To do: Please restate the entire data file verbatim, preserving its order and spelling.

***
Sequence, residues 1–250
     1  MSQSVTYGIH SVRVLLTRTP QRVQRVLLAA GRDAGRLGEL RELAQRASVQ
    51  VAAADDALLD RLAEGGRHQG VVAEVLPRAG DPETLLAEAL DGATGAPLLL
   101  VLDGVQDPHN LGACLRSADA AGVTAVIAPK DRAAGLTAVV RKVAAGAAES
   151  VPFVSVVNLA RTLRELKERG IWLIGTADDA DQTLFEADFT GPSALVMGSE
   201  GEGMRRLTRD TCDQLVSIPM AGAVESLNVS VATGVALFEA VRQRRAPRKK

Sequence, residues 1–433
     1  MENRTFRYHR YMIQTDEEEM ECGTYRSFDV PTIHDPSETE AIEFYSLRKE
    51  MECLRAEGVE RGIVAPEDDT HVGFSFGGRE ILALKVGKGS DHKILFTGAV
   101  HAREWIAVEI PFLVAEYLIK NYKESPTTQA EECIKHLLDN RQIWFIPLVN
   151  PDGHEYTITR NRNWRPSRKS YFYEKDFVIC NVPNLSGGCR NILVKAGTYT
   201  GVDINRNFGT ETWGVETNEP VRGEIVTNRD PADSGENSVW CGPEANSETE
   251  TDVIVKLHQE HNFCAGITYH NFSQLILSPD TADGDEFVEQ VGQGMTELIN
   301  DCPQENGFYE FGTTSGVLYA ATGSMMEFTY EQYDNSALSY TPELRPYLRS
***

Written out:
Sequence, residues 1–250
     1  MSQSVTYGIH SVRVLLTRTP QRVQRVLLAA GRDAGRLGEL RELAQRASVQ
    51  VAAADDALLD RLAEGGRHQG VVAEVLPRAG DPETLLAEAL DGATGAPLLL
   101  VLDGVQDPHN LGACLRSADA AGVTAVIAPK DRAAGLTAVV RKVAAGAAES
   151  VPFVSVVNLA RTLRELKERG IWLIGTADDA DQTLFEADFT GPSALVMGSE
   201  GEGMRRLTRD TCDQLVSIPM AGAVESLNVS VATGVALFEA VRQRRAPRKK

Sequence, residues 1–433
     1  MENRTFRYHR YMIQTDEEEM ECGTYRSFDV PTIHDPSETE AIEFYSLRKE
    51  MECLRAEGVE RGIVAPEDDT HVGFSFGGRE ILALKVGKGS DHKILFTGAV
   101  HAREWIAVEI PFLVAEYLIK NYKESPTTQA EECIKHLLDN RQIWFIPLVN
   151  PDGHEYTITR NRNWRPSRKS YFYEKDFVIC NVPNLSGGCR NILVKAGTYT
   201  GVDINRNFGT ETWGVETNEP VRGEIVTNRD PADSGENSVW CGPEANSETE
   251  TDVIVKLHQE HNFCAGITYH NFSQLILSPD TADGDEFVEQ VGQGMTELIN
   301  DCPQENGFYE FGTTSGVLYA ATGSMMEFTY EQYDNSALSY TPELRPYLRS